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When Estates Collide: A Student's Exploration of the Law of Conflicts in Mineral Development


Please use this identifier to cite or link to this item: http://hdl.handle.net/1928/2908

When Estates Collide: A Student's Exploration of the Law of Conflicts in Mineral Development

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dc.contributor.author Marks, Jason
dc.date.accessioned 2007-04-13T21:23:17Z
dc.date.available 2007-04-13T21:23:17Z
dc.date.issued 2004
dc.identifier.uri http://hdl.handle.net/1928/2908
dc.description 2 v. ; This student paper has been awarded 2003-2004 UNM Law School Thesis Honors. en
dc.description.abstract The separation of estates can and does result in situations in which the interests of the possessors are in conflict. Volume 1 of this paper explores the substantial body of common law pertaining to conflicts between mineral production and surface use. Traditionally, this law has unabashedly recognized the dominance of mineral interests over the surface estate. While some jurisdictions have adopted ameliorating doctrines through common law or by statute in recent decades, this unequal relationship still holds fast. In many respects and many situations, the dominance of mineral interests is justified by the reasonable construction of leases and other conveyances. However, volume 1 of this paper argues that some circumstances, the ingrained tendency of the courts to construe all ambiguity against surface holder leads to unfair results and outcomes that are no longer congruent with policy. This is particularly true in respect to the use of high-impact (to the surface and the environment) extraction methods such as water flooding. Volume 2 of this paper examines the common law rules for adjudicating conflicts in the development of multiple minerals as well as the non-judicial, administrative systems in place to resolve development conflicts occurring on government lands. Two contemporary mineral development conflicts are examined, oil-potash in the Permian Basin of New Mexico and coal bed methane development in Wyoming's Powder River coal basin. On this basis, some general conclusions are made as to the proper role of courts and legislatures in involving themselves in what are essentially private economic trade-offs. en_US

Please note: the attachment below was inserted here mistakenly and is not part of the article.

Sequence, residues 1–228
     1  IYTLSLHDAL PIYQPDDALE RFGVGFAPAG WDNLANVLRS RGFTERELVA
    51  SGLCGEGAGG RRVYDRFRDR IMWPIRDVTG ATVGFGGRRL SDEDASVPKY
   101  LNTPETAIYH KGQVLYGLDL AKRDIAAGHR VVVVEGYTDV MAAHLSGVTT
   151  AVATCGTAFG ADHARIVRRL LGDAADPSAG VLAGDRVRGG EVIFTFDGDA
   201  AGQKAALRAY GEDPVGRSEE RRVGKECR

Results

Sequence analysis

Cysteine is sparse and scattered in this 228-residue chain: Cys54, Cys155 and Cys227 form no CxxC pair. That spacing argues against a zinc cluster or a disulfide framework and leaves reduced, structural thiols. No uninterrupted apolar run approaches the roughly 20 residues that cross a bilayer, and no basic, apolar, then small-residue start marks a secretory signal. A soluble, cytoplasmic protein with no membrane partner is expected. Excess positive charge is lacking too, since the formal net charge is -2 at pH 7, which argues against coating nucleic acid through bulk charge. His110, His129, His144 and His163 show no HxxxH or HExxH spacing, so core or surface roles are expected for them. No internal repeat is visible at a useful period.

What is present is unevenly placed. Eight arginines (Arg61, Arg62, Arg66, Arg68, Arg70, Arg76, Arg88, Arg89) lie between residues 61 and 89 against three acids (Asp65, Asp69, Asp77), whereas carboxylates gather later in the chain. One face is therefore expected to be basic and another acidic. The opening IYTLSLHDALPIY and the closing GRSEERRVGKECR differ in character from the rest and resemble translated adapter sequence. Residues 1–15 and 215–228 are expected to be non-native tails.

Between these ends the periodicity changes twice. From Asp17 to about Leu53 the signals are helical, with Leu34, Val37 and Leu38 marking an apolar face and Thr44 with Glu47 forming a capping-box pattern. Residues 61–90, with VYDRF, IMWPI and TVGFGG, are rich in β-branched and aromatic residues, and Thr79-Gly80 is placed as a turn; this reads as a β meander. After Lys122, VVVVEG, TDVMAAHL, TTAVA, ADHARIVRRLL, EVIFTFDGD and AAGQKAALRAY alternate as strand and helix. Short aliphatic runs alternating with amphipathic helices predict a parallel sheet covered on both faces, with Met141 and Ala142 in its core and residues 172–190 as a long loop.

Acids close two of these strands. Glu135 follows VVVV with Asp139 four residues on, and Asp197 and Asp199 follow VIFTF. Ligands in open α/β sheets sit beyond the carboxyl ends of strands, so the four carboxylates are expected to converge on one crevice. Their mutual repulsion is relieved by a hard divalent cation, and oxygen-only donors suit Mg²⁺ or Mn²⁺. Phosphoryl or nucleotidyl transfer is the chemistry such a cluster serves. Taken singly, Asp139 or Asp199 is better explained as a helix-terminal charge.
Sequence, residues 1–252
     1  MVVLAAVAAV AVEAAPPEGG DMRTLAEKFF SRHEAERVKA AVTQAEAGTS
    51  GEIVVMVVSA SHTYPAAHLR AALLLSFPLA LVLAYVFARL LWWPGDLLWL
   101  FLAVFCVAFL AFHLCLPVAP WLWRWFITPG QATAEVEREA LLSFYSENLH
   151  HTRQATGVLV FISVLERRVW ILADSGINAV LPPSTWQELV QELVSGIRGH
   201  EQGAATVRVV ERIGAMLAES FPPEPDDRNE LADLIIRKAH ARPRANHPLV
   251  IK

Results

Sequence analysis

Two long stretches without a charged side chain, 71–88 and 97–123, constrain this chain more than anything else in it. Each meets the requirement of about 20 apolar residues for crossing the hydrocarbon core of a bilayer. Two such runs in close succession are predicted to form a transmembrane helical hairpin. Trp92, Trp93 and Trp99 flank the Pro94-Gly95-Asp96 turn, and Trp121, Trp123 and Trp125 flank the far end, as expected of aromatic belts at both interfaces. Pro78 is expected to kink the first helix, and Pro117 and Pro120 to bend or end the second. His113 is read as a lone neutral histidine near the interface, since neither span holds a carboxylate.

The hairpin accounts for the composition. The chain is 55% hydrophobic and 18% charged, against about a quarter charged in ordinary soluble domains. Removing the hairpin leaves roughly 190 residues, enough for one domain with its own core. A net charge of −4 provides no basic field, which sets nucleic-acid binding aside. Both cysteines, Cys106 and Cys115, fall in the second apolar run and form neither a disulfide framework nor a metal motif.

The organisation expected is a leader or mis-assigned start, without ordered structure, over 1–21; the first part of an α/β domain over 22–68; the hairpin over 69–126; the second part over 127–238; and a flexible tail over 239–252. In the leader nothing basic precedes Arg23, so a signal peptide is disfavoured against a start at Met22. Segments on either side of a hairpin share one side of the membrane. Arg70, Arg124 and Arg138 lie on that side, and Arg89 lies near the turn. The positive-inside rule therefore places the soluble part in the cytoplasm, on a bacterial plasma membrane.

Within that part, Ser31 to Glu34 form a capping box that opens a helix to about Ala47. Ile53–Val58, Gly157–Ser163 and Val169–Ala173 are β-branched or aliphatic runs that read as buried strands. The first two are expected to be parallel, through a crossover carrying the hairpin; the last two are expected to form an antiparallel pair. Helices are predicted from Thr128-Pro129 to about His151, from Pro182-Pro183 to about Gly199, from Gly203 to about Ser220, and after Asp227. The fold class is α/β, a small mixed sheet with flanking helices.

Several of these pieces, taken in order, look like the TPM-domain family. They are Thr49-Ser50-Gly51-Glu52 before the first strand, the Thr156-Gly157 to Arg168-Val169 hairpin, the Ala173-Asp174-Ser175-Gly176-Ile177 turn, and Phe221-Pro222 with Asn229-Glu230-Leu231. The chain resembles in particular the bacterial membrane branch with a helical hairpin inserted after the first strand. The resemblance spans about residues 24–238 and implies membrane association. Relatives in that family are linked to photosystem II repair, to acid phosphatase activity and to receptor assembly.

dc.format.extent 591405 bytes
dc.format.extent 820866 bytes
dc.format.mimetype application/pdf
dc.format.mimetype application/pdf
dc.language.iso en_US en_US
dc.subject Mineral Production en_US
dc.subject Surface Use en_US
dc.subject Common Law en_US
dc.subject Mineral Rights en_US
dc.subject Estates en_US
dc.subject Permian Basin en_US
dc.subject New Mexico en_US
dc.subject Wyoming en_US
dc.subject Governmental Regulation en_US
dc.subject Mineral Development en_US
dc.subject Powder River en_US
dc.title When Estates Collide: A Student's Exploration of the Law of Conflicts in Mineral Development en_US
dc.type Other en_US

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